I have a question about the Japanese language

Typically, the っ appears when the reading of one kanji ends in つ, but the next begins with a sound that is hard to pronounce following つ. When that happens, the つ is eroded to っ and the combination is easier to pronounce.

The same explanation applies to rendaku too.

— Dave

Sure, that’s true for words, but still has nothing to do with grammar or sentences. OP seemed confused by the fundamental difference between つ and っ, so I didn’t want to overwhelm them with even more information.

It’s more that it generally occurs when there’s anything that would get naturally reduced over time because it’s hard to say. Onyomi that end in a variety of things other than つ also get rendaku’d.

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It’s more “kanji that are difficult to say right before the next kanji” rather than “kanji that end in つ”. For example, 学 (がく) + 校 (こう) becomes がっこう, because がくこう requires you to practically swallow your own tongue to say smoothly enough.

Yes. That’s exactly right. Thanks.

It does seem (to me) to happen a lot with つ though, or maybe with the うrow.

Is this also called rendaku, or does is there a different term?

— Dave

It’s called sokuon (促音).

Though, that might just be the symbol itself rather than the usage of it. The English term is “gemination”, incidentally.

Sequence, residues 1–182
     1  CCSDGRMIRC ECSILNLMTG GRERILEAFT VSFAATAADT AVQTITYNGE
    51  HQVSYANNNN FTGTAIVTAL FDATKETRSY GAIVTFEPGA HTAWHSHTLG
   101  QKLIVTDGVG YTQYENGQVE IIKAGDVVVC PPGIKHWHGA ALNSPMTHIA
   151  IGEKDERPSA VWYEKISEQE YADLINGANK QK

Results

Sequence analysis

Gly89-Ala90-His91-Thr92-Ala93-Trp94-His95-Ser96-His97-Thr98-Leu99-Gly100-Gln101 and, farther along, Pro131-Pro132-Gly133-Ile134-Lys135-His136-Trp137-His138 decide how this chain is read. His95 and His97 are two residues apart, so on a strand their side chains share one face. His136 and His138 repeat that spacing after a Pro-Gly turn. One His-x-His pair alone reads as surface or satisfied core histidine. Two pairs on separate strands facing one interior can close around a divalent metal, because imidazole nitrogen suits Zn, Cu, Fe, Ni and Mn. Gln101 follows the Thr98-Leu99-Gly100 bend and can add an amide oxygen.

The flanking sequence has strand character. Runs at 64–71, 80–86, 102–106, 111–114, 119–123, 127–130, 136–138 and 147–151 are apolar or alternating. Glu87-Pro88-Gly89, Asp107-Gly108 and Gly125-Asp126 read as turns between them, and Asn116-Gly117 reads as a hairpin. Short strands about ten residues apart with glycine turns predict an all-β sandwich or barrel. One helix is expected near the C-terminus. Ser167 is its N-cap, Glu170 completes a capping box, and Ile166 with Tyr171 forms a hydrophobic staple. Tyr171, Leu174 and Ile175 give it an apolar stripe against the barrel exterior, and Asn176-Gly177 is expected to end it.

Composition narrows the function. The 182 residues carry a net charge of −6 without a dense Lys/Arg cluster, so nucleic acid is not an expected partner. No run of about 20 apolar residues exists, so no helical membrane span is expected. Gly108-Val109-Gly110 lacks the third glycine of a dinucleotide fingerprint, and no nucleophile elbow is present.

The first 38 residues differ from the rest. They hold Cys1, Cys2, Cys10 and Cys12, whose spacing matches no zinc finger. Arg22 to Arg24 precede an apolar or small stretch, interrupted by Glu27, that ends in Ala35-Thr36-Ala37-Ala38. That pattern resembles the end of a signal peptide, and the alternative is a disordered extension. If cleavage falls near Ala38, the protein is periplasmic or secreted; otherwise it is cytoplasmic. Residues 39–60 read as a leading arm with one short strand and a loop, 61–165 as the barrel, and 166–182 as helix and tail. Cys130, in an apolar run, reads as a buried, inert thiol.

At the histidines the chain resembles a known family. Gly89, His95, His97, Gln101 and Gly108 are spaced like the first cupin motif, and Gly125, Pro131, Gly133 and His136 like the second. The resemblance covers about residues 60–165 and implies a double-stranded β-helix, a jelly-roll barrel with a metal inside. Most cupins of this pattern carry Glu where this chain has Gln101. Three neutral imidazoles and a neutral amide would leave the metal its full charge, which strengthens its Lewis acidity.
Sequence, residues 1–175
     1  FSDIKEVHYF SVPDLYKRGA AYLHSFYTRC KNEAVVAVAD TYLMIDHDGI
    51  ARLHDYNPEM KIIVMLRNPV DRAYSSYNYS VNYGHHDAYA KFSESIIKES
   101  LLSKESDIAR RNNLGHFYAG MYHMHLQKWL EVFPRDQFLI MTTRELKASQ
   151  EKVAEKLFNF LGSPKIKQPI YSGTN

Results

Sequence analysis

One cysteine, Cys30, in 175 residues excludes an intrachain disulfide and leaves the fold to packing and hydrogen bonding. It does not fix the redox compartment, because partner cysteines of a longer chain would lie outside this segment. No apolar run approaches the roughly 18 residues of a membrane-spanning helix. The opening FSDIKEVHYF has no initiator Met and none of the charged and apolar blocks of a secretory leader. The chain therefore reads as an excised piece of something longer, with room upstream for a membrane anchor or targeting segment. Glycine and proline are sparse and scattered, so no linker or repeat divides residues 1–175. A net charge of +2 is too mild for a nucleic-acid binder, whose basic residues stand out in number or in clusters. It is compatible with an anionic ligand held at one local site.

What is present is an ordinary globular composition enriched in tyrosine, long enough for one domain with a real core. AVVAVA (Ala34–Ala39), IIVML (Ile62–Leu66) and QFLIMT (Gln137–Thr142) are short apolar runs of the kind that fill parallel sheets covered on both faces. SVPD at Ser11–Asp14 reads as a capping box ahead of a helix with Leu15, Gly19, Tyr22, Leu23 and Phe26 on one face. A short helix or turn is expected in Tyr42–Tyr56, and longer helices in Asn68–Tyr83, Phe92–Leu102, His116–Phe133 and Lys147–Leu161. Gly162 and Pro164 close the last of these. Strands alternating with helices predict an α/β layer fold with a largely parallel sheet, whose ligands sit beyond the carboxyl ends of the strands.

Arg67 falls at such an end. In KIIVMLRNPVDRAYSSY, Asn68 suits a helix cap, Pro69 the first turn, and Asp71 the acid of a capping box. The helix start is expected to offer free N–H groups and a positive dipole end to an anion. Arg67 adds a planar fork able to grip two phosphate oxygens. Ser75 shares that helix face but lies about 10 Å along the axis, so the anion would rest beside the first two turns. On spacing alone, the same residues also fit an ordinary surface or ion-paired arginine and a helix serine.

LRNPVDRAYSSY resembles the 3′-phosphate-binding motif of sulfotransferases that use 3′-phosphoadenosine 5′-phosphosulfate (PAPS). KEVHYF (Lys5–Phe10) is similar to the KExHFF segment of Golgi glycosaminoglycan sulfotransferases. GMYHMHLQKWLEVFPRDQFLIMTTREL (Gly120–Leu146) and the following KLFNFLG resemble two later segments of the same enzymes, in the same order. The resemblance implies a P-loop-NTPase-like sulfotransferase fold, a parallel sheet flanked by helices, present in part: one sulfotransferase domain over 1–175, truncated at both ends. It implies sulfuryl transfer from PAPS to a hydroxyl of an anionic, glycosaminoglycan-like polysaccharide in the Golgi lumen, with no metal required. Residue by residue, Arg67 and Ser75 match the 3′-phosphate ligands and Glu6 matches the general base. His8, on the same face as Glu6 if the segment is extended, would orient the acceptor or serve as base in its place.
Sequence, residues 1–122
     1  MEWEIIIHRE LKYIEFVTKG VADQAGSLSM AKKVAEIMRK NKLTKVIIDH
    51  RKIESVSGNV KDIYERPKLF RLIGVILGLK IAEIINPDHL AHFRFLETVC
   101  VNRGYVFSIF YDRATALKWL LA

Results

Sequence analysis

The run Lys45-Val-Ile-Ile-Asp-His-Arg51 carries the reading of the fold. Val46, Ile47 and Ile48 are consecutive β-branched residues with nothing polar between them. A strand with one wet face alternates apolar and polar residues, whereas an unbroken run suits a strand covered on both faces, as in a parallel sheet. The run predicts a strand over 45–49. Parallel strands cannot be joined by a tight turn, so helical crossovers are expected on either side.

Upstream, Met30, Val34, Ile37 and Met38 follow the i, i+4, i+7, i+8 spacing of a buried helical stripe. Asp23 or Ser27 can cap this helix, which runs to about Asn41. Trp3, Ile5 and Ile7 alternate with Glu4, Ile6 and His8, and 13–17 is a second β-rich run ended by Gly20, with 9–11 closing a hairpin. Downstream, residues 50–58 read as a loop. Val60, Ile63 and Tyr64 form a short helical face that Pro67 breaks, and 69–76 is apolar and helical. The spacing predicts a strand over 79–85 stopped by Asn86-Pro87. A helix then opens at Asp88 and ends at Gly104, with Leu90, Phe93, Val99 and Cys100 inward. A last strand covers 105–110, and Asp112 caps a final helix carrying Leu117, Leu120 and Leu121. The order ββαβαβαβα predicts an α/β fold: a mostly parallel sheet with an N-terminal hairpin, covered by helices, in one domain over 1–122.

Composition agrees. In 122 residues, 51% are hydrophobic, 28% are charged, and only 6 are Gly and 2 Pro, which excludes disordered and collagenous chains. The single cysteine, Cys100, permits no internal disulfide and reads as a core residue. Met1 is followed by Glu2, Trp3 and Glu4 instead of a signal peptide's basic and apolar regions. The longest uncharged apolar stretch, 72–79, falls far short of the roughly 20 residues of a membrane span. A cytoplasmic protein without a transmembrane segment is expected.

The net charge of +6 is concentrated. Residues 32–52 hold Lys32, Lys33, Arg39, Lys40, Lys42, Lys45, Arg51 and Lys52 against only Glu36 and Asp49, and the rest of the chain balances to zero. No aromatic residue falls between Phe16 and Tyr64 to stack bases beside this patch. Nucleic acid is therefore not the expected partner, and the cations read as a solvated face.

I learned a new word today. Thank you.

Sokuon does indeed seem to be the name of the sign.

Jisho.org has 長子音 as the translation of gemination.

— Dave

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This note about the abrupt stop when its at the end of a word is very nice to know! I’ve seen this before in dialogue and not known what to make of it. Thanks!

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Man, no love for Kyoko or Kenichi on this thread …

In addition to the links that @seanblue kindly provided, every (almost every?) vocabulary page on Wanikani has links for audible readings of the word (both female and male). If you ever wonder about how any word on Wanikani is pronounced, those links are worth a click.

Here, for example: WaniKani / Vocabulary / 八つ

They are certainly enough to dissuade you from thinking that “Yatsutsu” (やつつ) might be the correct pronunciation! :grin:

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